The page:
When Daughter received Kitten as a graduation gift 3 years ago, Cat was none too pleased. In time though, he adjusted. He was very patient when Kitten would push in front of him for the food. He'd wrestle with Kitten in the morning. The only time things got ugly between them was if Kitten tried to take his spot at my feet at night. Eventually, though, they even negotiated that, and I would wake up some mornings with the sleeping on either side of my legs.

Many times I'd end up with both of them in my lap. Today, we took Cat in to be euthanized. He'd lost half his body weigh (and he was always skinny). He was incontinent, and would spend hours standing with his feet in his water bowl. He wouldn't let Kitten near him. He spent much of his time hiding under my bed. Daughter saw that he was suffering, too, and was in agreement that it was time to do this.

Kitten has been crying since we came home without Cat. We'll all miss Cat. He was a patient, loving cat who added much joy to our lives.

Friday, March 19, 2010

Phone Calls

Daughter was at the workshop today, so I was supposed to be able to work uninterrupted. She called a little after lunch to tell me she needed to go to the hospital. Her blood sugars were off and she had a headache. I assured her she didn't need to go to the hospital and told her to focus on something else and she'd feel better.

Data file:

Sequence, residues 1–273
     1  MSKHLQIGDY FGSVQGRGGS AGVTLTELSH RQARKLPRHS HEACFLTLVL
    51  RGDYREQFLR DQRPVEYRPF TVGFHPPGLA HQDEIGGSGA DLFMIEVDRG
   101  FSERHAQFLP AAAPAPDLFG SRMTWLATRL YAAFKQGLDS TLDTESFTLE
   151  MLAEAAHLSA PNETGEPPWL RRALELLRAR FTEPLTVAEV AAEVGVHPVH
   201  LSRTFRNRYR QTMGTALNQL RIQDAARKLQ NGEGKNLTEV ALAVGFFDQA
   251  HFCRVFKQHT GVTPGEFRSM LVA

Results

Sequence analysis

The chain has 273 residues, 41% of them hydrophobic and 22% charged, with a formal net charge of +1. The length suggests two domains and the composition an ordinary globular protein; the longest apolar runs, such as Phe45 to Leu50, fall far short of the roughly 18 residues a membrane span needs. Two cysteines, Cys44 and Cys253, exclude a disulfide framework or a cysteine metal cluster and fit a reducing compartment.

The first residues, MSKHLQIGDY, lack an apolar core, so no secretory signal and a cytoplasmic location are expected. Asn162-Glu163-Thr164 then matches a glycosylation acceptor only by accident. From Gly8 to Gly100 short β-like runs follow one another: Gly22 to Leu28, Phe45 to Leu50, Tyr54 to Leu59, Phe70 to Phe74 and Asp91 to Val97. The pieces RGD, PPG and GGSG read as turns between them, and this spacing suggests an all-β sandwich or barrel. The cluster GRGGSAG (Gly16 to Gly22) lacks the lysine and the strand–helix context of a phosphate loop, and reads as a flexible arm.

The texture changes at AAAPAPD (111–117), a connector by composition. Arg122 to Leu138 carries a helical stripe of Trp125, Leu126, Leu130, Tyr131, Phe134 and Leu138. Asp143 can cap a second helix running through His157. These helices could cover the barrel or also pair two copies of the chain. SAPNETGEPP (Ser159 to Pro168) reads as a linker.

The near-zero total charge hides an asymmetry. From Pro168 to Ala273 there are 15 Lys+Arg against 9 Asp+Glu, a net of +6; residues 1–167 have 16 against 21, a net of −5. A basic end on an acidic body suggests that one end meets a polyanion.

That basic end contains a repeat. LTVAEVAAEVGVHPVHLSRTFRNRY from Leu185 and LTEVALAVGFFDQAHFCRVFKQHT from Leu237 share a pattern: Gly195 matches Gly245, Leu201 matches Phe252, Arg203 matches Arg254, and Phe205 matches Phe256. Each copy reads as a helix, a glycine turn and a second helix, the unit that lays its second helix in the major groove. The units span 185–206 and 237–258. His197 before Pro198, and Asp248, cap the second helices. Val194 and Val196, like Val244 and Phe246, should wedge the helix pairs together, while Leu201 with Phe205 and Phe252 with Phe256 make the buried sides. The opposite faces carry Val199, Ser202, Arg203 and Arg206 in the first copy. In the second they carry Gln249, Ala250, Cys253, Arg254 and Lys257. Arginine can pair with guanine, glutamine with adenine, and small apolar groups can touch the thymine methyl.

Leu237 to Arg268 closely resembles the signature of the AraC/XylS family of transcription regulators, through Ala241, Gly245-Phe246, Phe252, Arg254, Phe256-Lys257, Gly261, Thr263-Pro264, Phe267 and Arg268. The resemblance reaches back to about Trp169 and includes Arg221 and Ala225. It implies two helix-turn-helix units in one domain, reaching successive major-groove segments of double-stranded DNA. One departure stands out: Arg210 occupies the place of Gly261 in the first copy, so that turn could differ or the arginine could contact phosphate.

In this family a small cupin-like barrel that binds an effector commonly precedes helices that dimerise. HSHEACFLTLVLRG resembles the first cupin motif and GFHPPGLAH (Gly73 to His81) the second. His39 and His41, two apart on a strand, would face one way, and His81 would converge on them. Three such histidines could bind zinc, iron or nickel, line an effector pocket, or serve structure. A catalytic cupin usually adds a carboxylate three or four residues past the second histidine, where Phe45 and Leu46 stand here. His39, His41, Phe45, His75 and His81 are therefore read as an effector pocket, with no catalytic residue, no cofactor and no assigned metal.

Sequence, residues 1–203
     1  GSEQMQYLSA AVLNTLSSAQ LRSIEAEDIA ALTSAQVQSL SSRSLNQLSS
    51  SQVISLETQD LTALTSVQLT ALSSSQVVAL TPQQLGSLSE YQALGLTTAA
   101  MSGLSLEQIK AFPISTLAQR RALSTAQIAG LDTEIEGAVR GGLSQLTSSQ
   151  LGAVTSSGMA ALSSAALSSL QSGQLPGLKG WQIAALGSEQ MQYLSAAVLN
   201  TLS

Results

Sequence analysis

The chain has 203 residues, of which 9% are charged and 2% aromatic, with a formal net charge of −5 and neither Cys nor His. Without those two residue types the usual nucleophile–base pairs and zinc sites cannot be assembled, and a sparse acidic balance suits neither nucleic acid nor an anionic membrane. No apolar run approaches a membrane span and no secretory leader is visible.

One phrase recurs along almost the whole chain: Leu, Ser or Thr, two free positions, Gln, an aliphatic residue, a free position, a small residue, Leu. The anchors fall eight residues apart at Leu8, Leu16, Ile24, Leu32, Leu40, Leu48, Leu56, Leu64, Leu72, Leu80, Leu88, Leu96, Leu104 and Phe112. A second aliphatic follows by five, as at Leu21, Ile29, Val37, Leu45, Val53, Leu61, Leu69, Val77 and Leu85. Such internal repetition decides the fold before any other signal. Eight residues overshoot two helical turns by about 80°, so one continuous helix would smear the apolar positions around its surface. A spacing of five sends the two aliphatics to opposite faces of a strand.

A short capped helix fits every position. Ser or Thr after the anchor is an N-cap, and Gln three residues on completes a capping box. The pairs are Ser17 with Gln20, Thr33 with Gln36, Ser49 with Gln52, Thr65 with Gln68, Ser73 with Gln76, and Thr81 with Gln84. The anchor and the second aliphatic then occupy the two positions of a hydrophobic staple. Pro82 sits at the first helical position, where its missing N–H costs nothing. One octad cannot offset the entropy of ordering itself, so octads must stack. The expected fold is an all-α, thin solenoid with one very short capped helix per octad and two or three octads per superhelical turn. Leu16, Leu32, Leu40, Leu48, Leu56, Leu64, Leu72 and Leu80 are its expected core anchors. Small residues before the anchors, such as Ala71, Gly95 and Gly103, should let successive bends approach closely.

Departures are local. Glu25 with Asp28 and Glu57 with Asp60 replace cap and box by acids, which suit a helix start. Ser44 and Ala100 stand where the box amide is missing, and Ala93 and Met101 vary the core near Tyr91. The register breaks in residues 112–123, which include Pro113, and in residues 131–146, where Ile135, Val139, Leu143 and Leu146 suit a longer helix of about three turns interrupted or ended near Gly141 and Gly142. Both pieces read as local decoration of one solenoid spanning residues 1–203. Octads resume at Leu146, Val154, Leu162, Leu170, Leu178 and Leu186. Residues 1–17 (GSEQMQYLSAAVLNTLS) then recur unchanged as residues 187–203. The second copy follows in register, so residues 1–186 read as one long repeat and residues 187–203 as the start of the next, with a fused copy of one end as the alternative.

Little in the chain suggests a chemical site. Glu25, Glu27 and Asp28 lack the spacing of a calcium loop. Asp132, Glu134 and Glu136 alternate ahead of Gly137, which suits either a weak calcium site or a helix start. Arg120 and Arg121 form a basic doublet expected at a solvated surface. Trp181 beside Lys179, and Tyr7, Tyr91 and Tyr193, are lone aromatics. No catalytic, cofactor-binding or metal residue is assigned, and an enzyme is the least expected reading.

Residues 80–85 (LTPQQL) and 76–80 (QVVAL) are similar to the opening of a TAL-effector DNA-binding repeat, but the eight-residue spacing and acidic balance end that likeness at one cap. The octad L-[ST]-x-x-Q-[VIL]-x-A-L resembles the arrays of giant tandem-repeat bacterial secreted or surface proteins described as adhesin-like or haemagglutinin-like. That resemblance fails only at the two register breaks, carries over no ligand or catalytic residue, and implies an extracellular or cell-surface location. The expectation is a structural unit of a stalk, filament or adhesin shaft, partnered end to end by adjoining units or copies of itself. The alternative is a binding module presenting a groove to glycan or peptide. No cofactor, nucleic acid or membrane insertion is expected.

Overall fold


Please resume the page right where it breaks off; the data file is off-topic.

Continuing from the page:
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The nurse called to tell me about yesterday's accident report and that Daughter was complaining about not feeling well today. "It's attention seeking behavior. Help her focus on something else."
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I was visiting with some of the saints at the nursing home and Daughter called. I told her I was busy. She had some questions. After she told me for the third time she had questions but wouldn't tell me what they were and ignored me when I told her I was busy, I informed her I'd see her when she got home and hung up on her.
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Overall, it's been a productive day. In addition to pastoral care over breakfast, I've done 3 nursing home visits and worked on the Easter Sunrise service. The youth group is gathering at the church from 7 until 11 tonight. We're going to work on Easter Sunrise, eat pizza, and play games. It will be fun. I'm sure Daughter will try to make a scene.
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I'm not looking forward to her being home for the next 5 days. I haven't gotten my sermon done for Sunday, so I will be busy working on that tomorrow. She won't like that at all. Maybe I can get her to sleep all morning after she's up late tonight over at the church. Therapist told her that if she continued to phone me multiples times a day from the workshop, it would tell us she couldn't handle being there. She may not be able to handle being there, but I think she can cope with that better than I can cope with her being home with me 7 days a week.
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Cat is not doing well, and that is hanging over our head. She wants to take him over to the church tonight in case he dies. I assured her he'd be fine at home, and pointed out he was alone much of the day while I was out doing my visits. I think she thinks I sit home and eat candy and play computer games all day while she's gone. I wish.